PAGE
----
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Iraq: Salaries of 5 Million Employees Hostage to Political Bargaining

Iraq: Salaries of 5 Million Employees Hostage to Political Bargaining

Sunday, 8 November, 2020 - 11:30
Iraqi lawmakers are seen before opening session of the new Iraqi parliament in Baghdad, Iraq, September 3, 2018 in this still image taken from a video. IRAQIYA TV POOL/REUTERS TV/via REUTERS

The Iraqi Ministry of Finance announced its inability to pay the salaries of more than 5 million permanent employees, after it had settled the dues of retirees and those covered by the social security network.


The reason announced by Finance Minister Ali Abdul Amir Allawi was the lack of financial liquidity due to the decrease in oil prices and the surge in the budget deficit. Consequently, he asked the parliament to adopt an internal borrowing law to finance the salaries for the remaining three months of the current year.


Millions of Iraqi employees have been waiting for their salaries for more than 20 days, while the Finance Ministry is linking the disbursement of the funds with the adoption of the internal borrowing law, which amounts to about 41 trillion Iraqi dinars (about USD 39 billion).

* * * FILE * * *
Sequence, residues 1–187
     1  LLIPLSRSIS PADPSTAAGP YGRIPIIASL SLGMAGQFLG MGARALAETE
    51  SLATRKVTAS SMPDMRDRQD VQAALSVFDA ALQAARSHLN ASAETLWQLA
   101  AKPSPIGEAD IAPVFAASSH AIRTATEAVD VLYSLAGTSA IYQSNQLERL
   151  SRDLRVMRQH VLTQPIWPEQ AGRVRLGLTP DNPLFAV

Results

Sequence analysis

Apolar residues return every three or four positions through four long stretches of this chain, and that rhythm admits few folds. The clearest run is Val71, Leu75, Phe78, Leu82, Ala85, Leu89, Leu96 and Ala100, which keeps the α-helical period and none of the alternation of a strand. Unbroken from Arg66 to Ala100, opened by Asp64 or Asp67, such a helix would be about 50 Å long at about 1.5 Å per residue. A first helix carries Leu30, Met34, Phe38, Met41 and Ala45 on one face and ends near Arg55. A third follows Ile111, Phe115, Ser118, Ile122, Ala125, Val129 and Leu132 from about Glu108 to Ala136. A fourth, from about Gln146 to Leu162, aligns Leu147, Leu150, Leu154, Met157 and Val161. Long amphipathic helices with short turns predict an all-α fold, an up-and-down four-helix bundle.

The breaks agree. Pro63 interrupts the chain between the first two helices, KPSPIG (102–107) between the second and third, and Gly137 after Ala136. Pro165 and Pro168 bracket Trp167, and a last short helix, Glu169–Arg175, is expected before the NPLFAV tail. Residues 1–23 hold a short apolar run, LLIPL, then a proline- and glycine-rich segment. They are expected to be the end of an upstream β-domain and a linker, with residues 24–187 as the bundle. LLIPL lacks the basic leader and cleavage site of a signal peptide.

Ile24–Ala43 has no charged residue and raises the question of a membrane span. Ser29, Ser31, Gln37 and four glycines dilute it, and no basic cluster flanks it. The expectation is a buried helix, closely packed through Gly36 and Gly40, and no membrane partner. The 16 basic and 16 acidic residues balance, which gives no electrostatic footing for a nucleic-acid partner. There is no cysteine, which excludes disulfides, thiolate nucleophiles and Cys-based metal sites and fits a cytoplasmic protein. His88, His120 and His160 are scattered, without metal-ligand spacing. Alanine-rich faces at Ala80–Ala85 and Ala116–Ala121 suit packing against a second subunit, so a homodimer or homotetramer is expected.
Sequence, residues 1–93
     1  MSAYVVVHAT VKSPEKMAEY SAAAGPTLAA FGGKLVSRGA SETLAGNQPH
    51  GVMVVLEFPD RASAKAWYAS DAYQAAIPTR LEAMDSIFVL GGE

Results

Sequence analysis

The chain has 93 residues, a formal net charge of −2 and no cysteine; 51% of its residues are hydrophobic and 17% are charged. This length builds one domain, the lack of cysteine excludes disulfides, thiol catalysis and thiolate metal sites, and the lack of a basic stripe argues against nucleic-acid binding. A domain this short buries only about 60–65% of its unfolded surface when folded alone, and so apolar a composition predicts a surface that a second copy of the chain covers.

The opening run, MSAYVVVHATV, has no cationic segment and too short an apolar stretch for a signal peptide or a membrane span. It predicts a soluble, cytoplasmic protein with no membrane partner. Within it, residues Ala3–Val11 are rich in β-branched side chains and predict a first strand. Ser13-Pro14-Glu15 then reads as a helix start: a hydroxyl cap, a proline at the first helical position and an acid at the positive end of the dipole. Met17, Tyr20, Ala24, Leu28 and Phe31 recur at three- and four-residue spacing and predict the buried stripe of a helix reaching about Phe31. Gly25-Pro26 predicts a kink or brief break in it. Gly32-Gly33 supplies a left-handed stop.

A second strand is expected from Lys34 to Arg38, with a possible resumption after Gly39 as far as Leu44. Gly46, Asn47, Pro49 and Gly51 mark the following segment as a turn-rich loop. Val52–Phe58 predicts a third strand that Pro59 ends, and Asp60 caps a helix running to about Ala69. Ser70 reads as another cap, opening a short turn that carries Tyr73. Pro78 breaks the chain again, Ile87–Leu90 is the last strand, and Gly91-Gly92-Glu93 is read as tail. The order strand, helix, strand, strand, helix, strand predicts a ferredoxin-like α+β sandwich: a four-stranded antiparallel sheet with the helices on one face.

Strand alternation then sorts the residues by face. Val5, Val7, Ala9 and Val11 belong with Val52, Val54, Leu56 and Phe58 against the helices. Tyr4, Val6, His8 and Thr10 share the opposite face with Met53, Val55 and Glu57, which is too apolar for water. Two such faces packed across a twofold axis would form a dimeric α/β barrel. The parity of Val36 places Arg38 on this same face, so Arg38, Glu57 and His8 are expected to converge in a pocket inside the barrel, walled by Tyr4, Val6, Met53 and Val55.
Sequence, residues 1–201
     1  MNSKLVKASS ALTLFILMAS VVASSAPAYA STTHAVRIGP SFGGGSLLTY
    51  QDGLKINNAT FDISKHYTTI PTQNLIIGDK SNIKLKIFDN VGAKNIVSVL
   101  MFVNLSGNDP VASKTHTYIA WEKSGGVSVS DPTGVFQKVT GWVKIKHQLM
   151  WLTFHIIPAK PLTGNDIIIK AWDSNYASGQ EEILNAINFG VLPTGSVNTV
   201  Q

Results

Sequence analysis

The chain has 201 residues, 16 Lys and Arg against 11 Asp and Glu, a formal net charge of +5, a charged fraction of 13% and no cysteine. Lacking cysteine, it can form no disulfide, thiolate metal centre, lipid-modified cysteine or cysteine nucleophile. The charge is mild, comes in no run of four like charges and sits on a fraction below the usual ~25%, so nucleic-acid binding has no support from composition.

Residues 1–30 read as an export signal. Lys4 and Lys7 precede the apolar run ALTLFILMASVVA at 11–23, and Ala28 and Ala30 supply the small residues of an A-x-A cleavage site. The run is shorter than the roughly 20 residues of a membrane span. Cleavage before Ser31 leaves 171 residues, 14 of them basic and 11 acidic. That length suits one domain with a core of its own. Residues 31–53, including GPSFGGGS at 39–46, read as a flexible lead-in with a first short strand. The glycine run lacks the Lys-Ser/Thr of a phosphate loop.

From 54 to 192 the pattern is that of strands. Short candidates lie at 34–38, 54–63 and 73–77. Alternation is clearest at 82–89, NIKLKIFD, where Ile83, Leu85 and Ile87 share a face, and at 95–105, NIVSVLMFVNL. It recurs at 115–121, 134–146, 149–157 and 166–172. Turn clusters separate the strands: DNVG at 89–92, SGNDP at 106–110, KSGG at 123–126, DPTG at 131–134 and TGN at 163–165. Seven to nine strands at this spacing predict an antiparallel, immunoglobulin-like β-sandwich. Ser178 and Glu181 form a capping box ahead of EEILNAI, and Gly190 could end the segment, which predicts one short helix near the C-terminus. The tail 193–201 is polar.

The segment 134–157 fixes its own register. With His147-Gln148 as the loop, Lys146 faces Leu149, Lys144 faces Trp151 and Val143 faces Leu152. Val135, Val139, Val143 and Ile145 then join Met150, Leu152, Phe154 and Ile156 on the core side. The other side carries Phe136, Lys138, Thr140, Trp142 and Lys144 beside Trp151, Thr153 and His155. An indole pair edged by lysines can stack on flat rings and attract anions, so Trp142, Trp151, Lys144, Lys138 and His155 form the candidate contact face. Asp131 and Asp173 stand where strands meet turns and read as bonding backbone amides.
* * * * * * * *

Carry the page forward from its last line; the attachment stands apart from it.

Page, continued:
Iraqi political forces had different views over the matter. The opponents of Prime Minister Mustafa Al-Kadhimi blamed the current government for the crisis, while other blocs stressed that the former successive governments’ failures have led to the present situation.


The Iraqi Parliament’s Finance Committee announced, in a statement, that it has “information and data that shows that the amount of the borrowing presented by the government is exaggerated, compared to the disbursement of previous months.”


“The Financial Committee is keen to pass the borrowing law in a manner that guarantees disbursement of salaries of employees and retirees, the social security network and other expenses, in addition to the implementation of financial and economic reforms by the government,” the committee said.


In turn, the Ministry of Finance announced the reduction of the borrowing rate to 31 trillion Iraqi dinars, in response to the Finance Committee’s objection, according to a statement by the committee’s member, Ahmed Mazhar al-Jubouri, during a parliament session.


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